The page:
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Qi is pronounced 'chee'. The Wade-Giles spelling is 'chi'. The Pinyin spelling is qi.

What is qi

Qi is a problematic topic... In The Tai Chi Classics it usually refers to breath. Unfortunately, people disagree upon the meaning. Some people see it as being about breath, others energy.
Maybe the confusion resides with the fact that deep breathing makes the body feel energised...
A precise definition of qi is difficult (akin to 'Tao').

They muddy the water, to make it seem deep.

(Friedrich Nietzsche)


Historically, the word qi was often applied as an explanation in lieu of a more scientific understanding. This has led to qigong and tai chi teachers applying the word liberally.

No belief is required

There is little scientific evidence to explain exactly what happens to the body as a result of doing qigong and tai chi - apart from the obvious physiological benefits.
However, many case studies (involving large groups of people) have recorded a significant improvement in health.

A convenient catch-all

Some tai chi people use the word 'qi' a lot. It is a catch-all employed to explain pretty much everything they don't really understand. Virtually anything can be attributed to qi.
This makes genuine knowledge, skill and real understanding less important to such exponents since qi explains everything. But does it?

Science vs folklore/mysticism

The difficulty with the whole subject of 'qi energy' is that it is very controversial.
Does qi energy exist? Can you scientifically/medically prove it? Is it possible to improve qi energy flow? What precisely were the Ancient Chinese referring to?
Qi energy is akin to a belief system. Rather than rely on genuine scientific facts, people immediately resort to superstition and speculation.
This is incredibly lazy. It is far more honest to simply say that when it comes to qi energy you don't know for sure.

Beginners often have the mistaken idea that their qi alone is going to be enough to defeat an opponent without needing to master the skills of hitting, kicking, throwing and joint-locks.

(Bruce Frantzis)

Invisible forces

Einstein was fascinated by invisible forces: gravity, magnetism, radio waves, X-Rays, wind etc. They cannot be seen, but the effects are evident and scientifically reproducible.


Is qi an invisible force?
The problem with the subject of qi is that is an awful lot of hokey stuff out there, and very little science.


There is an age-old tradition of acupuncture in China. This involves working with qi within the body. Tai chi students often get confused and start applying acupuncture ideas to their training.
It seldom produces concrete results.

Emotional energy

In a concert, a church, a group of enthusiasts, a sporting event or a movie premiere there is often a tangible emotion that can be felt but not seen.
Similarly, when a place has a bad 'vibe'... what is causing it?  People.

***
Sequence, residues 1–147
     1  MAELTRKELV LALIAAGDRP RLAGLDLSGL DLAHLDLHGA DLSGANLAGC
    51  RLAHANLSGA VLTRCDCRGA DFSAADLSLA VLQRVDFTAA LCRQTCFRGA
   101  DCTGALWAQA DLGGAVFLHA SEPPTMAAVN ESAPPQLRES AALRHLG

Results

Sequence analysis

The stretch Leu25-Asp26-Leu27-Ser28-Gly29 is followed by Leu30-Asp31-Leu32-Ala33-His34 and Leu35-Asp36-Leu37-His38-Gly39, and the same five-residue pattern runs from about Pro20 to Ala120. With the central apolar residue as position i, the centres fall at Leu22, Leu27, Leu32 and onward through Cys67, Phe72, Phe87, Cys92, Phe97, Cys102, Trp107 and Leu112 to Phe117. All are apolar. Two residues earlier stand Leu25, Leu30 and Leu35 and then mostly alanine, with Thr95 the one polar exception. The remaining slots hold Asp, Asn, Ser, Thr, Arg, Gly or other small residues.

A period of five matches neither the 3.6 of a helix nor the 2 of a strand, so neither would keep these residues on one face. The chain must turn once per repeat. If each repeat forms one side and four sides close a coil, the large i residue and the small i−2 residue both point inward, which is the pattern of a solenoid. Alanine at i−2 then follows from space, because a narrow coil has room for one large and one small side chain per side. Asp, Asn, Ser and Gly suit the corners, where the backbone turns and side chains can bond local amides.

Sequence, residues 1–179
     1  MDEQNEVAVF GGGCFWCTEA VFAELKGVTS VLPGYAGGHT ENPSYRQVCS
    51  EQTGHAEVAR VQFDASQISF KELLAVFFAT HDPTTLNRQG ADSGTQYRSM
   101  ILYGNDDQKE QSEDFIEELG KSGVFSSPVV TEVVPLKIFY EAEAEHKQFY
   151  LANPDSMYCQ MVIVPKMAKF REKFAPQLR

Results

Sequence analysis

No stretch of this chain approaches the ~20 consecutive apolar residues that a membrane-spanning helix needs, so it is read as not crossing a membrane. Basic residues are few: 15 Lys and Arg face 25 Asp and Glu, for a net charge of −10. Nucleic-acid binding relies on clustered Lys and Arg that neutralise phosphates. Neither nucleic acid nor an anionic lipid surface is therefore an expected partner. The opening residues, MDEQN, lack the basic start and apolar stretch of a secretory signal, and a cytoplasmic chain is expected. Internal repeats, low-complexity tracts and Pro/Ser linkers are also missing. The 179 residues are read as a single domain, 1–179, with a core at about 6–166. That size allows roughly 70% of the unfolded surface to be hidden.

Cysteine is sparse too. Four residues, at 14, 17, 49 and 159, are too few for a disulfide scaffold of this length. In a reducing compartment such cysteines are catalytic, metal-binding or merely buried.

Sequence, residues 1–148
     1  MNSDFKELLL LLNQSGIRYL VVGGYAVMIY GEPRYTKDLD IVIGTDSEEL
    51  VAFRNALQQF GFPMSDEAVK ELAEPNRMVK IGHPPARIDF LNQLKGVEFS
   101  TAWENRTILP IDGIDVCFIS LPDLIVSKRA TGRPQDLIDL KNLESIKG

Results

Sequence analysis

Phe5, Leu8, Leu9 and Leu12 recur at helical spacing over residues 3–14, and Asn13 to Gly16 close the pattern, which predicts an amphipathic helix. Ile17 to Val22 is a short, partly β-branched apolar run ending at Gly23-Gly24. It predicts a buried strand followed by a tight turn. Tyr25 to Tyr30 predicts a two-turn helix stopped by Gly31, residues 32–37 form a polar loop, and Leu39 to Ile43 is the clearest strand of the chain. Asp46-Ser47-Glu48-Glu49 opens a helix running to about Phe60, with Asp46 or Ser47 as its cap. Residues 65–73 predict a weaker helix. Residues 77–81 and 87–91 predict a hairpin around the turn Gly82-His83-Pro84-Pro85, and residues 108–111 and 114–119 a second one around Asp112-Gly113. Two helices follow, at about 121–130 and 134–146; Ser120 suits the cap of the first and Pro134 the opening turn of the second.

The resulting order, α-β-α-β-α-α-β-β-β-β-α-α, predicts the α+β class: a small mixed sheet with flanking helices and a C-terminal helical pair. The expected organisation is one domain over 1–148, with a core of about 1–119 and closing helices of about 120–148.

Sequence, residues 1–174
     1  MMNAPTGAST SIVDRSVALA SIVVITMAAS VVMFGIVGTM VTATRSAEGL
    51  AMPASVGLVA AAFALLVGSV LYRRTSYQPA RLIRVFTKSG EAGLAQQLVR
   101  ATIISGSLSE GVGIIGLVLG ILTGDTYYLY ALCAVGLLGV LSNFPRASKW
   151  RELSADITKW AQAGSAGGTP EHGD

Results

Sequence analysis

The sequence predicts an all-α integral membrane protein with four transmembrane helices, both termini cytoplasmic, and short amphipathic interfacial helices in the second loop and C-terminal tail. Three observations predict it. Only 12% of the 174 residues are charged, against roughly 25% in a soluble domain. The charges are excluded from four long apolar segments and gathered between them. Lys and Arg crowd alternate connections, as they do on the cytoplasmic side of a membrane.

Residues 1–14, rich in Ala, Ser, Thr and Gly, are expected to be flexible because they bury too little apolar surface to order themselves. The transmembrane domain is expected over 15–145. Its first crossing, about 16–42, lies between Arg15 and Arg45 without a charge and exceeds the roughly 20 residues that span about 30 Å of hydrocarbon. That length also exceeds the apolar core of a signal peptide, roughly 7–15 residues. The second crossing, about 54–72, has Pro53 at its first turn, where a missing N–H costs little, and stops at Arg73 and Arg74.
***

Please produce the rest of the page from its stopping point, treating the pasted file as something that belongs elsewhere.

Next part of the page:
Shen (spirit)

In the Wu treatise, the tai chi student is told to focus upon intention and shen, not upon qi.
Shen is about loss of self, ego, self-consciousness, vanity, pride. It is not macho, fearful, angry, frustrated, aggressive or competitive.
A student must be at one with the moment/immersed. Emotional energy is channelled into the Art and this is part of what we call 'shen'.

Since the Taoist concepts are rooted in the most distant past with the most ancient beliefs of the Chinese, it is difficult for the Western mind to understand them. Therefore, before you can investigate the internal martial arts, you must first back to the very origins of thought in ancient China.

(Howard Reid)

Wasting energy

People can feel energised or drained relative to rest, diet, situation or activity.
Bad poise/posture putting the body under duress, failure to rest, relax, stop, time management/commitments, personal life, work - can all make you feel drained.
So can tension, stiffness, compressed cavities, closed joints, collapsed muscles, pushing (physically & mentally), hands too close to the body or too far away, thinking, over-stretching, exaggeration, over-commitment, disconnected movement and exertion. They are all physically taxing; wasting energy.

Saving energy

Tai chi addresses energy wastage by advocating rest, relaxation, good body use. It is no more magical than switching off the light to save on your electricity bill.

Confusing qi & Tao

It is common for tai chi exponents to get confused between qi and Tao. In practice, they are totally different concerns.

You cannot defeat your opponent using qi

Qi alone is not going to defeat anyone. If it could, why bother to learn the system? Why not just hit people with your qi?

Confusing qi & biomechanics

Often so-called feats of qi power are purely biomechanical 'tricks'. Alignment, ergonomics, balance, positioning, sensitivity, yielding, whole-body strength/movement/power...
Not magic, nor qi. There is no reason to instantly conclude that qi is responsible.

Throughout the body, the intention relies on the shen, not on the qi.
If it relied on the qi, it would become stagnant.

If there is qi, there is no external strength.

If there is no qi, there is tension.

u Yu-hsiang)

Let your qi take care of itself

It is easy to chat about qi when no proof is expected. This hardly demonstrates a high degree of knowledge or skill. Taoism calls such behaviour "eating the flower and not the fruit".

Worth reading

Myths & magic
Qigong practice

Page created 3 March 1994
Last updated 31 July 1997